WFP Says Aid Deliveries To Tigray, Ethiopia Not Meeting Needs Of Affected People

The United Nations World Food Programme (WFP) on Friday said aid deliveries being sent into the war-ridden Tigray were “not matching the needs” of the affected people, reported The Arab News.

The WFP said all four road corridors into Ethiopia’s Tigray region had reopened, allowing a significant boost in aid supplies reaching the conflict-hit region.

“However, deliveries of assistance within Tigray are not matching the needs and WFP and its cooperating partners urgently need access to all parts of the region,” the UN food agency said in a statement on Friday.

Earlier this month, the Ethiopian government and the Tigray People’s Liberation Front formally agreed to the cessation of hostilities after a two-year conflict. Restoring aid deliveries to Tigray was a crucial part of the ceasefire agreement.

Notably, aid into Tigray and other war-affected regions were stopped in late August when fighting resumed between the Ethiopian government and the Tigrayan rebels.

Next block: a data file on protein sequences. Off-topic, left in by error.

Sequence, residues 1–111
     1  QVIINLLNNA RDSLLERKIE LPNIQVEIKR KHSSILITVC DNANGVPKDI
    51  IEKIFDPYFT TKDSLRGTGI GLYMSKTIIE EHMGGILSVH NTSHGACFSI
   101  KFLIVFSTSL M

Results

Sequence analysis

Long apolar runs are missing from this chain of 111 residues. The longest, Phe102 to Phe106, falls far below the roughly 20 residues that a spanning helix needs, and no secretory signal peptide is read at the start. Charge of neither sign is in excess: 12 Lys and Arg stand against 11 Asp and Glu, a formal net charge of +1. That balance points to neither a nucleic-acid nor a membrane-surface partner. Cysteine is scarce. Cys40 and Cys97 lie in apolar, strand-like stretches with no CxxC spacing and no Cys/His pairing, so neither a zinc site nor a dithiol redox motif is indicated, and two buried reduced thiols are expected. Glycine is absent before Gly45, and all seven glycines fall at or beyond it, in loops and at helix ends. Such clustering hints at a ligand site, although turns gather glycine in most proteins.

The UN had previously warned that some 90 percent of Tigray’s six million people were dependent on food assistance. The region faced severe shortages of medicines and limited access to electricity, banking and communications.

On Friday, humanitarian flights carrying passengers to Mekele resumed for the first time since August after receiving government approval. Aid deliveries into Shire have also commenced for the first time ever.

But despite resumption of aid deliveries, WFP said some parts of eastern and central zones of Tigray are still inaccessible, hindering sufficient aid delivery.

The WFP said it has reached 29 percent of its caseload of 2.1 million people with food assistance in the Tigray region since the start of November.

The UN food agency said an estimated 13.6 million people across Tigray and its neighbouring regions of Amhara and Afar were dependent on humanitarian aid due to the war, which broke out in November 2020.

Caroline Finnegan

A professionnal journalist for the past ten years, I cover global news and economic affairs for The Chief Observer.

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